Tags: 2016 Presidential Debates | Donald Trump | Hillary Clinton | Supreme Court | scalia

Entrepreneurship Will Die in Hillary's America

Entrepreneurship Will Die in Hillary's America

(Carolyn Franks/Dreamstime)

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Monday, 10 October 2016 04:05 PM Current | Bio | Archive

In the second presidential debate, at American University in St. Louis, an audience member asked the candidates how they would appoint Supreme Court justices.

Their responses portend polar-opposite futures of America.

Clouded by the lingering controversy over Trump’s “hot-mic” debacle, this issue fomented no alarm, especially from Republicans. That greatly concerns me.

Hillary Clinton spoke first: "I want to appoint Supreme Court justices who understand the way the world really works, who have real-life experience, who have not just been in a big law firm and maybe clerked for a judge and then gotten on the bench, but, you know, maybe they tried some more cases, they actually understand what people are up against." 

Reality: People are up against an overreaching government.

Clinton continued: "I want a Supreme Court that doesn’t always side with corporate interests. I want a Supreme Court that understands because you’re wealthy and you can give more money to something doesn’t mean you have any more rights or should have any more rights than anybody else."

Two questions for Mrs. Clinton: First, Is your “wealthy” gibe autobiographical? Second, Is the Constitution dead to you? Not once did you mention it.

In contrast, Donald Trump posited: "I am looking to appoint judges very much in the mold of Justice Scalia. I’m looking for judges — and I’ve actually picked 20 of them so that people would see, highly respected, highly thought of, and actually very beautifully reviewed by just about everybody. But, people that will respect the Constitution of the United States."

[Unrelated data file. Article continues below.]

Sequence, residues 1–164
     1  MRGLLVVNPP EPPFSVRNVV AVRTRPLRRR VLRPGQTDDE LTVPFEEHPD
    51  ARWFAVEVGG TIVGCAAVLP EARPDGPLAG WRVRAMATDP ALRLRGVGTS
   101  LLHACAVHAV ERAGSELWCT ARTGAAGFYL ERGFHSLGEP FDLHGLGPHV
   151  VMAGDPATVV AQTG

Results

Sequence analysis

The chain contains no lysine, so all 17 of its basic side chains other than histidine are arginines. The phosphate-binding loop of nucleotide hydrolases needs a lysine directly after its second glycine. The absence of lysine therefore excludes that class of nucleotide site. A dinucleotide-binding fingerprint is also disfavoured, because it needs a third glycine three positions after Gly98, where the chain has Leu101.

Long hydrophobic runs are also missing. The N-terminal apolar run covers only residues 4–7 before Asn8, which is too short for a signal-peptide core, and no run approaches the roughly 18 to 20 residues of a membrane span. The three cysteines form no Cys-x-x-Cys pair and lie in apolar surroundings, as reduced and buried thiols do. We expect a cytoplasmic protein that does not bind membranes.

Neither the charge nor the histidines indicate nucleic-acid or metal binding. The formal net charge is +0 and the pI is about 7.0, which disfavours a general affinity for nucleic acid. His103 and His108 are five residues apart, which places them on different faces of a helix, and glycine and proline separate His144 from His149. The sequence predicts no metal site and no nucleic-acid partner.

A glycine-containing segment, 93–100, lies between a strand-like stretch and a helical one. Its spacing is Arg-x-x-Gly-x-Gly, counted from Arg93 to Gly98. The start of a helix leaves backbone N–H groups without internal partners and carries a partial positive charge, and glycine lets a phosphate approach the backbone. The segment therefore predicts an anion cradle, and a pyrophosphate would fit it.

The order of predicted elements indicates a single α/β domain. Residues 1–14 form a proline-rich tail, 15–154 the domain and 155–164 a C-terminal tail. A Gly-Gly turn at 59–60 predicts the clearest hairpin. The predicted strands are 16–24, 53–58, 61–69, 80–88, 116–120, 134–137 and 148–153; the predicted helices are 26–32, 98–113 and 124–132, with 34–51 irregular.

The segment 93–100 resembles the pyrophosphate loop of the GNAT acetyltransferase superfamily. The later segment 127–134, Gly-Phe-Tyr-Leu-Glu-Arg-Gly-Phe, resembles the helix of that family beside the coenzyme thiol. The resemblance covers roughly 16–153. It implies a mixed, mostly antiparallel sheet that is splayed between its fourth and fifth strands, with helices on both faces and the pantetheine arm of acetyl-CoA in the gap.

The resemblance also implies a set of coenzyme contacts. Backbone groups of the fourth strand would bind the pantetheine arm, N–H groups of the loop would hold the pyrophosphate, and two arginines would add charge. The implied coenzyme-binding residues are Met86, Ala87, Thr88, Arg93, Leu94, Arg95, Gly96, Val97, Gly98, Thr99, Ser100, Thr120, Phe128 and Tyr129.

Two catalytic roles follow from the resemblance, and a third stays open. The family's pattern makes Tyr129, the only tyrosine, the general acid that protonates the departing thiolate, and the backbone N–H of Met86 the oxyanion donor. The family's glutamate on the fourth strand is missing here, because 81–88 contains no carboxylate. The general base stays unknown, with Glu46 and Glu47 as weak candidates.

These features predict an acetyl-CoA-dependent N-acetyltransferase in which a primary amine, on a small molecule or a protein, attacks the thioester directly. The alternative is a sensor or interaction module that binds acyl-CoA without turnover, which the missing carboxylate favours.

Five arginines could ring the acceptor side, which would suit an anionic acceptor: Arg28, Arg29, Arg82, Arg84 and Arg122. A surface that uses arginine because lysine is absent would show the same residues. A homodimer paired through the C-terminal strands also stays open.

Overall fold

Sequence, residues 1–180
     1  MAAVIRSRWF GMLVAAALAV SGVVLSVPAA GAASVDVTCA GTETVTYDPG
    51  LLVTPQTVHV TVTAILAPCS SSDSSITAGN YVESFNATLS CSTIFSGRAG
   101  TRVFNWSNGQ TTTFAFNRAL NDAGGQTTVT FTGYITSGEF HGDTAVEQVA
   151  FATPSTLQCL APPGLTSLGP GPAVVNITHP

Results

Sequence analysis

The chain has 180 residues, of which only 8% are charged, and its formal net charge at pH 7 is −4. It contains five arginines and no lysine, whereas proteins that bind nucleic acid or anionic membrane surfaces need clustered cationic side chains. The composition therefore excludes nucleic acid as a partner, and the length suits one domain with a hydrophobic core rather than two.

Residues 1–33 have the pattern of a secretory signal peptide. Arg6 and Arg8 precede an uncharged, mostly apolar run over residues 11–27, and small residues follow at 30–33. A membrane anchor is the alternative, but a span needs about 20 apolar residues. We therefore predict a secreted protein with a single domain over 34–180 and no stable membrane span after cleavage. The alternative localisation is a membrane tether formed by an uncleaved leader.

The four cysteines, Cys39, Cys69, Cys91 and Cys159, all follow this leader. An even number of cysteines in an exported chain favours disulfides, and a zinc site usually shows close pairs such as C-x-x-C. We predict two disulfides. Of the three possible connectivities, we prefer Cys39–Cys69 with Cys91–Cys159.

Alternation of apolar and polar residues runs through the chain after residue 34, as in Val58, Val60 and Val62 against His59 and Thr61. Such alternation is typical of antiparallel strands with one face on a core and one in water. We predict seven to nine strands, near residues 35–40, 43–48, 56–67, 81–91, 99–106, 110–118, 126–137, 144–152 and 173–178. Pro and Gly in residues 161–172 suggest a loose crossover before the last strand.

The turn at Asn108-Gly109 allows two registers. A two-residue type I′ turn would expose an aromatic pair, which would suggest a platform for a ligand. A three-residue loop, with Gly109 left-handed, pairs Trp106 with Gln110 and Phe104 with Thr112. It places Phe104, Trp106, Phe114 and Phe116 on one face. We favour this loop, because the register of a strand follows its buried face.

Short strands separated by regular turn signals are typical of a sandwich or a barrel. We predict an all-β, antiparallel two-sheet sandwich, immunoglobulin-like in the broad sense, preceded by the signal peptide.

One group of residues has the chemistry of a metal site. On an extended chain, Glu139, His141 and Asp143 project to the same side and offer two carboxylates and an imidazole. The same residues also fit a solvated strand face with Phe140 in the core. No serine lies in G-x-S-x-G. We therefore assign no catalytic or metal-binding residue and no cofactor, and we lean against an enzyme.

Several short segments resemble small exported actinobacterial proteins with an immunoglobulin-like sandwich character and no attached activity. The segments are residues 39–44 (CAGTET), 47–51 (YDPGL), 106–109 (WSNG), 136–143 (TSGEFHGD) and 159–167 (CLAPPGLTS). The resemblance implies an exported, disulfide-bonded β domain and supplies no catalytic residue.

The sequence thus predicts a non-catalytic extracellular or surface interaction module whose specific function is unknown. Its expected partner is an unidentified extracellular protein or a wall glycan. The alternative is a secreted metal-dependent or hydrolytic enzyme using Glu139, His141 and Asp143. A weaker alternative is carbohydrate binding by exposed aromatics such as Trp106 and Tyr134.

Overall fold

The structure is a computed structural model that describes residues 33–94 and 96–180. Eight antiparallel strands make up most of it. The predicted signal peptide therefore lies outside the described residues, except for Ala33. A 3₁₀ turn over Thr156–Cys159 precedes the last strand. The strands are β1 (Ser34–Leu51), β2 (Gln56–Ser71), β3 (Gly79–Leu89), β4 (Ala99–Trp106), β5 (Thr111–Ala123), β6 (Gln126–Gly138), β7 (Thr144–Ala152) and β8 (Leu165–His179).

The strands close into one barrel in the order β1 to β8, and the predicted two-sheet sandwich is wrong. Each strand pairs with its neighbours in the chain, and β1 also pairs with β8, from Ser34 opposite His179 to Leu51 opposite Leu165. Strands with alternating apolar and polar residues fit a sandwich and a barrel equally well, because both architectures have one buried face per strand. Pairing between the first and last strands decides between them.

Not only does Trump’s response adhere to the actual duties of a Supreme Court justice, it reinforces the admonition of John Adams, who, in 1780, insisted on "a government of laws, not of men."

Hillary’s America, which she unabashedly telegraphed with her vision of the Supreme Court, would be a nation held hostage to the whims of men. Such a nation will destroy individual rights and economic opportunity.

That’s why the utterings of Steve Case, co-founder of AOL, astounded me. In his pre-debate interview with Neil Cavuto of Fox Business Network, Case explained why he supports Hillary Clinton: "How do we make sure this country remains the most innovative, entrepreneurial nation? What are the policies around investment incentive? How do you change taxation? How do you change regulations? How do you level the playing field so everybody, everywhere has a shot at the American Dream?"

When Cavuto pressed him on Hillary’s plan to raise taxes and spending, Case waffled, reverting to the traditional platitudes about "moving the country forward, making it more inclusive, and giving opportunity to more people, in more places."

Moving the country forward with higher taxes and more government control? How does this give more opportunity to more people, in more places? It doesn’t. It does the opposite. Why must we keep debating this axiomatic truth?

Finally, Mr. Case allowed that he endorses Hillary, not because Trump offends him but because she "has the best policies around economic growth, job-creation, startups, entrepreneurs, continuing to build on our 250-year history as the most innovative, entrepreneurial nation in the world."

Case’s pronouncements are transparently bogus and troubling. Hillary Clinton and entrepreneurship are as compatible as oil and water.

But, Steve Case reflects the opinions of many establishment business leaders who already have all the wealth they’ll ever need. Their views are destructive to the personal and business lives of lesser beings, especially those trying to build companies from scratch.

No entrepreneur has a shot at the American Dream if big government is alive and the Constitution is dead.

Marc Rudov is a branding adviser to CEOs, and is the author of "Be Unique or Be Ignored: The CEO's Guide to Branding." He is the founder of MarcRudov.com. For more of his reports, Go Here Now.

 

 

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People are up against an overreaching government. No entrepreneur has a shot at the American Dream if big government is alive and the Constitution is dead.
scalia
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2016-05-10
Monday, 10 October 2016 04:05 PM
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